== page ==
The third is going to compare vapes with nicotine pouches, a first study of its kind. This Yale University project will focus on the flavours and strengths of the products to see which work best for smokers. The Cochrane team say they won’t be including the findings from a quitting perspective but will be considering adding the results to what we know about relative safety.

The final project is going to put smokers onto a course of NRT products. At the end of the trial period, all of those who failed to quit smoking will be put into one of two cohorts that receive either vaping products or nicotine pouches to see if these help.
“It’s awesome and exciting to see more studies in the pipeline,” says Professor Hartmann-Boyce.

What the Cochrane Living Systematic Review concludes so far
The team state:

·People are more likely to stop smoking for at least six months using nicotine containing vapes than with nicotine replacement products like patches, gum, and sprays.
·Nicotine containing vapes work better at helping people to stop smoking than going cold turkey or only getting behavioural support from local quit centres.
·Nicotine containing vapes work at least twice as well as nicotine replacement products – and nicotine free vapes work as well as nicotine replacement products.
·Non‐serious unwanted effects were more common in vapes compared to nicotine replacement therapy. These would include things like short term sore throats or headaches as people get used to their devices. The team say, “These effects reduced over time as people continued using nicotine e‐cigarettes.”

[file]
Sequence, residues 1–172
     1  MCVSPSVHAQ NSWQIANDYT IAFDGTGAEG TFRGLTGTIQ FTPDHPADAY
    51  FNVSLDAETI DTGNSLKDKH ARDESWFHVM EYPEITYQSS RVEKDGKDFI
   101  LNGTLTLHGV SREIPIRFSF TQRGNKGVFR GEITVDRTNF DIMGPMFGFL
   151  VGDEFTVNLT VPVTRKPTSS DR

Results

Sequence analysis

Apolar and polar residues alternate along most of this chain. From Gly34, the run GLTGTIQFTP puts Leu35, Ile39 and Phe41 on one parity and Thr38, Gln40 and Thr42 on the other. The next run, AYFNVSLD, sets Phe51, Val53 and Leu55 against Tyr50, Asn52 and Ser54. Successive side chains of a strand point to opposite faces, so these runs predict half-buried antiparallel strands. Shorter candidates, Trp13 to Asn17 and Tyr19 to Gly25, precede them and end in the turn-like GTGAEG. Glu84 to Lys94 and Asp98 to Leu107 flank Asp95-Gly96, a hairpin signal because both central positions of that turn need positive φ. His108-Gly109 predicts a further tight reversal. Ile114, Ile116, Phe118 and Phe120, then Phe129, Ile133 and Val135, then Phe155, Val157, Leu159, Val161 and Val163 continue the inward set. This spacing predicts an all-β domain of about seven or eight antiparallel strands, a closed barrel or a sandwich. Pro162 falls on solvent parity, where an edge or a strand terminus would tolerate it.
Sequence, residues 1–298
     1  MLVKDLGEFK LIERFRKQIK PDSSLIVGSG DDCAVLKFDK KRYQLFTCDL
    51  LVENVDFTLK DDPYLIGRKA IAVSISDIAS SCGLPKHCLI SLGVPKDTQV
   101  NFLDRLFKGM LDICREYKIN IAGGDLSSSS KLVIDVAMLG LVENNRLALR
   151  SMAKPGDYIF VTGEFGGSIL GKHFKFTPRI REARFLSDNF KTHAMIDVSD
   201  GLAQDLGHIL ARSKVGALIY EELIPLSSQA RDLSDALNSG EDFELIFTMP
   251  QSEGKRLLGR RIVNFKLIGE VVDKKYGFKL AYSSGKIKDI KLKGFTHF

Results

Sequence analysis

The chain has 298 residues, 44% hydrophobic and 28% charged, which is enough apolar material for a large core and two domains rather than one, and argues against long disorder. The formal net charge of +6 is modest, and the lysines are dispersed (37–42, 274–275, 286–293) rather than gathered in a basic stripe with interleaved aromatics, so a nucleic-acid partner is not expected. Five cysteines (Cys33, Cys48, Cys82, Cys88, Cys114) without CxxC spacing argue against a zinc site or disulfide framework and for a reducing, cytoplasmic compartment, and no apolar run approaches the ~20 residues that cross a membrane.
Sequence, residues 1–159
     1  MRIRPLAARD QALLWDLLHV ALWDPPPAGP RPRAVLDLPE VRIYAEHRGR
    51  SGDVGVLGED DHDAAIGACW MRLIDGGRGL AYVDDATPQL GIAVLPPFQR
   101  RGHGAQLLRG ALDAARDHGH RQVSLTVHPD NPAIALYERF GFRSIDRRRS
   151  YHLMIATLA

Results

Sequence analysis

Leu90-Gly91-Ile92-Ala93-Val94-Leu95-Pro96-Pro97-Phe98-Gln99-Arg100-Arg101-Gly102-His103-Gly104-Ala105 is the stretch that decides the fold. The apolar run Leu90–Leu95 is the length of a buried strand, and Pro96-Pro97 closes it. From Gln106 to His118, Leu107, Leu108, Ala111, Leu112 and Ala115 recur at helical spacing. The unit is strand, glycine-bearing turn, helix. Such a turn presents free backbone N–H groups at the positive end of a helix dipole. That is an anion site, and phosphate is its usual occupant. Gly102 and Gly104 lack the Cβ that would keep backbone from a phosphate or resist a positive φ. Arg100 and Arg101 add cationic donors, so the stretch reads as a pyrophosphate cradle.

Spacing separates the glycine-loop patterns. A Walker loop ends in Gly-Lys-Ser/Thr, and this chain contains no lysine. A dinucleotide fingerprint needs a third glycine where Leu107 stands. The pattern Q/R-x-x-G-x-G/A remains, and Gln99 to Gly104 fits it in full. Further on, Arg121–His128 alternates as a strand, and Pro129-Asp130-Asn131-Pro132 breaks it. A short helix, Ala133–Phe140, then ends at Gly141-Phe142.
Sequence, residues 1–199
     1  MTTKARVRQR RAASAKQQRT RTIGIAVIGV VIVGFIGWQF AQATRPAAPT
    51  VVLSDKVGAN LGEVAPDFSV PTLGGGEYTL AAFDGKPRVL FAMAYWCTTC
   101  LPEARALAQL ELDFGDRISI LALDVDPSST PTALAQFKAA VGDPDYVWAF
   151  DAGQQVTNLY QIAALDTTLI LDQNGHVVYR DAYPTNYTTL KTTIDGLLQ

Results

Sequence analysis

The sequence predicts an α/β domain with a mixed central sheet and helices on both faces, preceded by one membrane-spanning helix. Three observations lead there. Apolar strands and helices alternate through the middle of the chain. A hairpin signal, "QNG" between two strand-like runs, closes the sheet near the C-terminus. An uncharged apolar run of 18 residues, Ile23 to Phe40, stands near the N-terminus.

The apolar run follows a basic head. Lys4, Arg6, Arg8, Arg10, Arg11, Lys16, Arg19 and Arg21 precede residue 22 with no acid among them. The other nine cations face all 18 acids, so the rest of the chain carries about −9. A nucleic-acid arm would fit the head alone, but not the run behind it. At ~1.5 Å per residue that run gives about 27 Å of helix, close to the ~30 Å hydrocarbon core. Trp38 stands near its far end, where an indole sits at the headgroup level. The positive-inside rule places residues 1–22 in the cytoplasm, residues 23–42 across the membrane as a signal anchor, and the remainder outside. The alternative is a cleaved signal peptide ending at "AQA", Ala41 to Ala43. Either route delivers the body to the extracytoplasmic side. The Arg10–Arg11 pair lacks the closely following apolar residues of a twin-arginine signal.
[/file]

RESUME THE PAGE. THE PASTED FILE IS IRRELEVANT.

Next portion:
The Cochrane Tobacco Addiction Group states: “There is now high‐certainty evidence that [a vape] with nicotine increases quit rates at six months or longer compared to nicotine replacement products.”

On the related subject of packaging
Professor Hartmann-Boyce and Dr Lindson spoke to Eve Taylor, someone who has gained experience in the area from working with the International Tobacco Control Project and the UK Health Security Agency’s ecig evidence updates.
There has been a long journey to transform tobacco packaging and now there are strict rules as to what information must be included, what can’t be included and the colour. Some are arguing that the same restrictions should be applied to vape products.
Eve says: “It’s been found that with each of these steps that they’ve reduced the appeal of cigarettes to young people but also made them less viable to adults as well.”

Vapes must conform to packaging restrictions at the moment. They must contain:

·A warning label about nicotine
·Information about nicotine level
·Information about other ingredients
·Manufacturer details
There is also a ban on making health claims or things like the vape products are “revitalising”.
With a range of options to changing vape packaging available, Eve has looked at how they might impact youth and adult use. She claims that plain packs disincentivise young people from buying vapes, but it makes “little difference” to vaping and smoking adults. The concern here is that this is one study and so confidence in the results is low.

With the push from certain quarters to implement plain packaging as a response to the government’s recent consultation process, it is hoped that they wait for more concrete evidence before deciding and risk endangering the success vaping has had in reducing the UK’s smoking rate.